Simple: Conquering the Crisis of Complexity

Simple: Conquering the Crisis of Complexity, written by Alan Siegel and Irene Etzkorn, is an excellent reminder to all of us to rail against complexity and keep things simple. Even though I summarize some of the key points below, I still encourage you to pick up a copy and read this timely book.

The Crisis of Complexity

  • Complexity wreaks havoc on business, government and finance making life more difficult and confusing for everyone
  • Complexity is subtle; as Joseph Tainter suggests: “complexity creeps up on you.”
  • Complexity is counter-intuitive
    • More information, more “background”, or more explanation rarely lead to greater simplicity and clarity

Breaking Through to Simplicity

  • As Warren Buffet’s long time business partner Charlie Mingus said: “making the simple complicated is commonplace; making the complicated simple… that’s creativity.”
  • Simple can be a differentiating factor in a world beset by complexity

Three Principles of Simplicity

  • Empathize – perceive others’ needs and expectations
  • Distill – Boil down and customize what’s being offered to meet needs.
  • Clarify – Make the offering easier to understand, use and benefit
  • Empathy
    • Empathy is more than the standard definition of understanding another’s feelings. It requires an emphasis on the understanding of another’s thought processes, decision making strategies and attention spans.
    • As the English poet Shelley remarked: “a man, to be greatly good … must put himself in the place of another and of many others; their pains and pleasures… must become his own.” Percy Bysshe Shelley
    • One simple point of empathy so often neglected is to allow a customer to speak to an informed customer service representative within the company.
  • Distill
    • Companies need to make informed decisions on behalf of their customers
      • To simplify is to curate and edit – lessen the options and choices faced by others
      • For many progressive companies, this results in having a good – better – best product line offering.
    • Companies need to design and lay-out their communication simply and intuitively.
      • Apple is the exemplar of this type of design in their products and their marketing
      • “Good design captures customer’s trust by disappearing.” Jack Dorsey, Cofounder of Twitter
    • Let customers decide how much information they want
      • At a glance
      • Preferred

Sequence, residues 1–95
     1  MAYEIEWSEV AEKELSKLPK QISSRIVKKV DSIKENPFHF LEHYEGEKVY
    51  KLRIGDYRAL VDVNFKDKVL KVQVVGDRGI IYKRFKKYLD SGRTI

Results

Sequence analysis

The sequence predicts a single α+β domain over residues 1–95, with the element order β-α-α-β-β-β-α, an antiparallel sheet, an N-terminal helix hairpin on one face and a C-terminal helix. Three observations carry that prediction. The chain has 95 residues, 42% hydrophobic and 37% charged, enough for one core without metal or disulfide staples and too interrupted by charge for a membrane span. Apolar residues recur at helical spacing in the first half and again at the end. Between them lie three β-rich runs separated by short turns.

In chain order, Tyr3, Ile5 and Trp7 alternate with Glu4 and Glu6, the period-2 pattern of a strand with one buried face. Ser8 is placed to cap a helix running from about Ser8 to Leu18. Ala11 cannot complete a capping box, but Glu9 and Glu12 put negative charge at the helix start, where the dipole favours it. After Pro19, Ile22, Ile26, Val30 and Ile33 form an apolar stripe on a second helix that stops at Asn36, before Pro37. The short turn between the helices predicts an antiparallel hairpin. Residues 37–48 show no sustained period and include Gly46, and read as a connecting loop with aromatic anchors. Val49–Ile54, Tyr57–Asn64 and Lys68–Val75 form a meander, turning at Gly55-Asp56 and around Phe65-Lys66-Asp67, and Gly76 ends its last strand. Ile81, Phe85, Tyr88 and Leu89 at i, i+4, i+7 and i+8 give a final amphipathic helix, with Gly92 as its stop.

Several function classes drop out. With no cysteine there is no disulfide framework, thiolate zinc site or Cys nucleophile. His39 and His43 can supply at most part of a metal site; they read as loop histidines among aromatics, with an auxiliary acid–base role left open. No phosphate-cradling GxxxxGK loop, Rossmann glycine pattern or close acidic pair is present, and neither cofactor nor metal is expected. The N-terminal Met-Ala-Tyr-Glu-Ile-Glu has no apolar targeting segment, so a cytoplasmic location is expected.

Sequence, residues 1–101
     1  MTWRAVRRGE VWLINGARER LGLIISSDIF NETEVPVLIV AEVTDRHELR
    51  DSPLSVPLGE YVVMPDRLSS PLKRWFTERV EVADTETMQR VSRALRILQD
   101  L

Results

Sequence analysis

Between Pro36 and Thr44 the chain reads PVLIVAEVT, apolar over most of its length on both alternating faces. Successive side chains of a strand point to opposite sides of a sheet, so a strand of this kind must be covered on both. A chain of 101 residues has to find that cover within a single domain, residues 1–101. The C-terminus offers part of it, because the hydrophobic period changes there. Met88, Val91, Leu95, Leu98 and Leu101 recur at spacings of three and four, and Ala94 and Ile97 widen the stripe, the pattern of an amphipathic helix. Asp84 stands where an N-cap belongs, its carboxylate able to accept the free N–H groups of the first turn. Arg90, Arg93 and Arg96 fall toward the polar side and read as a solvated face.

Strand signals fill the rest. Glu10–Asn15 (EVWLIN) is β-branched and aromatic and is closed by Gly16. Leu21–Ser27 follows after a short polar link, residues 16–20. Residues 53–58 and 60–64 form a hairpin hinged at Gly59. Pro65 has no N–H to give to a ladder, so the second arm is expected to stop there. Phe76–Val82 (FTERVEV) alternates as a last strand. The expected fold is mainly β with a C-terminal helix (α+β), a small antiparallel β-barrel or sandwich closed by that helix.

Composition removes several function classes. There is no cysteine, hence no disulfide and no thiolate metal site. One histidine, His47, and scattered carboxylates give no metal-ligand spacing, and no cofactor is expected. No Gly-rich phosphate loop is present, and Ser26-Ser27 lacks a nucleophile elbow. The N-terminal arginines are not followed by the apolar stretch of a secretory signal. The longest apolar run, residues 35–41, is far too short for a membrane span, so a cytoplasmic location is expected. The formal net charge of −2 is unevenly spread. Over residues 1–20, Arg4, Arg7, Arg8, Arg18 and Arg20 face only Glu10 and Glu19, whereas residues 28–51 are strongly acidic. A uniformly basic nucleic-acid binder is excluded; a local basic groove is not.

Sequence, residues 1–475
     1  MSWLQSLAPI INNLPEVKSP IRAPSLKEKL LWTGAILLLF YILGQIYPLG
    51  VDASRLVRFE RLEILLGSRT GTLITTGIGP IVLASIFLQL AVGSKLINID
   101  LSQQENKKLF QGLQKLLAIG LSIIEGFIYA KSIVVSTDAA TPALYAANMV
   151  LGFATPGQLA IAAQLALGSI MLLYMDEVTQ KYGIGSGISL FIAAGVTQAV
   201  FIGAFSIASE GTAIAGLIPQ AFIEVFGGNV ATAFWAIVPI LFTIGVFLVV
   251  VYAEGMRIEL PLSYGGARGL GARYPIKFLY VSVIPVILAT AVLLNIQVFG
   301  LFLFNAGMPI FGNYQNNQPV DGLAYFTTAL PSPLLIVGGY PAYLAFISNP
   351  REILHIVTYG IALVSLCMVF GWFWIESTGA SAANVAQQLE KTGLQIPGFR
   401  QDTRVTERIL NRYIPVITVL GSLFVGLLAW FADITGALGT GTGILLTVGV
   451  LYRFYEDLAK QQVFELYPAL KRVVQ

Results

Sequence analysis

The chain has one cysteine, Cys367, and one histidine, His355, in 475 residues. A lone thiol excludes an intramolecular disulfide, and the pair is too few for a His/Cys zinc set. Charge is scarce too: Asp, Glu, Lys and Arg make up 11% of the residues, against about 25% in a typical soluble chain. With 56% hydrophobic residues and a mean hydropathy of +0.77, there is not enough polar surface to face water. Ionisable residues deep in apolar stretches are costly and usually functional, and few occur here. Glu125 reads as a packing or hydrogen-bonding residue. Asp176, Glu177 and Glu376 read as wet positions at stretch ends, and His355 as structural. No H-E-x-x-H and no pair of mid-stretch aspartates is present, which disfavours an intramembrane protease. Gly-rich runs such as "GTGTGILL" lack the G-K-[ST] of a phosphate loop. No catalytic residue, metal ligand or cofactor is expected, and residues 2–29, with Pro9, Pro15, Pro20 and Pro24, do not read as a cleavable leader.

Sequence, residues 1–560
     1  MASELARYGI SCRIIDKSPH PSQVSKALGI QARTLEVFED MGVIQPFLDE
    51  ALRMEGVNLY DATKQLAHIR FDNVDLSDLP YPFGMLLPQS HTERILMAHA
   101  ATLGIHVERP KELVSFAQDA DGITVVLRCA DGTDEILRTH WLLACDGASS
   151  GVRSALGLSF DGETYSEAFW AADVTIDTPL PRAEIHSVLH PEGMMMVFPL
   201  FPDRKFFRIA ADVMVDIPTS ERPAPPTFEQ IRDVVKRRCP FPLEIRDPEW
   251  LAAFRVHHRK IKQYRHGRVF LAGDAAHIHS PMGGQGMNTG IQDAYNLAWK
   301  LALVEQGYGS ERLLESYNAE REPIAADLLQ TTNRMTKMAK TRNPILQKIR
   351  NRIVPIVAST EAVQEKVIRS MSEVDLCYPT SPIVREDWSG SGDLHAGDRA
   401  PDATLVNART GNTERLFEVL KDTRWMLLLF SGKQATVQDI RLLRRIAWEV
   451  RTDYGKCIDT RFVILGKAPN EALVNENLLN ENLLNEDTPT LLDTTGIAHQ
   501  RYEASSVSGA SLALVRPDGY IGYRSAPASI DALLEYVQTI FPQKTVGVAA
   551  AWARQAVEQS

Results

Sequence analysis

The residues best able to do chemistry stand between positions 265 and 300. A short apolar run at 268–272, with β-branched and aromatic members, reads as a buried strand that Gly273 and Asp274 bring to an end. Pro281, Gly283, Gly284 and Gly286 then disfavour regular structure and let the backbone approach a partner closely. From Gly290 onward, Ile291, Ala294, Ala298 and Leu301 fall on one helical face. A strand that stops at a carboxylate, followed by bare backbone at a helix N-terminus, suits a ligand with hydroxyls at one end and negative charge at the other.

• In depth
  • Clarify
    • Too much information is a prime source of complexity
    • To achieve clarity, we must apply design to information to make as intuitive as possible
      • Organize – extract the most meaningful information – figuring out what matters, and the order in which it matters.
      • Emphasize – create titles and sub-titles and bold, highlight, etc. to point out key points
      • Visualize
    • When communicating, we need to:
      • Separate information into discrete ideas or steps
      • Think sequentially
      • Summarize longer material
      • Hold back and de-emphasize less important information
      • Get rid of what’s unimportant
      • Write clearly
        • “The secret to more effective writing is simple: talk to your reader. Pretend the person who’ll read your letter or report is sitting across from you. Be informal. Relax.” Rudolf Flesch, Author of Say What You Mean
        • “The finest language is mostly made up of simple unimposing words.” George Eliot
    • Clear communication often
      • Adds value to products and services
      • Leads to better informed and more satisfied customers
      • Creates a higher level of trust and, as a result, brand loyalty

How Complex Organizations Can Simplify

  • Simplifying requires a commitment from the top to create a “culture of simplicity.”
    • “Great leaders are often great simplifiers, who can cut through argument, debate and doubt to offer a solution everybody can understand.” General Colin Powell
  • Take a customer first approach in order to break through the complexity that is naturally created by silos
  • Beware that the “curse of knowledge” can make the complex appear to an expert to be simple.
    • “Familiarity with a particular area or domain leads to a particular kind of myopia that diminishes the ability to see creeping complexity.” Alan Siegel and Irene Etzkorn
    • Bring in people who are not insiders or subject experts to be a fresh set of eyes and ears and provide a perspective closer to that of the customer.

Conclusion

  • Fight the forces of complexity in your business and life and simplify
  • When starting a new project or idea, keep it simpler than you would like

    • “You can always make it more complex later.”
  • Simple is smart
    • It can help differentiate your product and service
    • It can help you get the more important done
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About David Shedd

David has been a President - CEO - COO of an up to $350M group of manufacturing, distribution, specialty retail and services companies, having led 22 different businesses from turnarounds to start-ups to fast growth companies.
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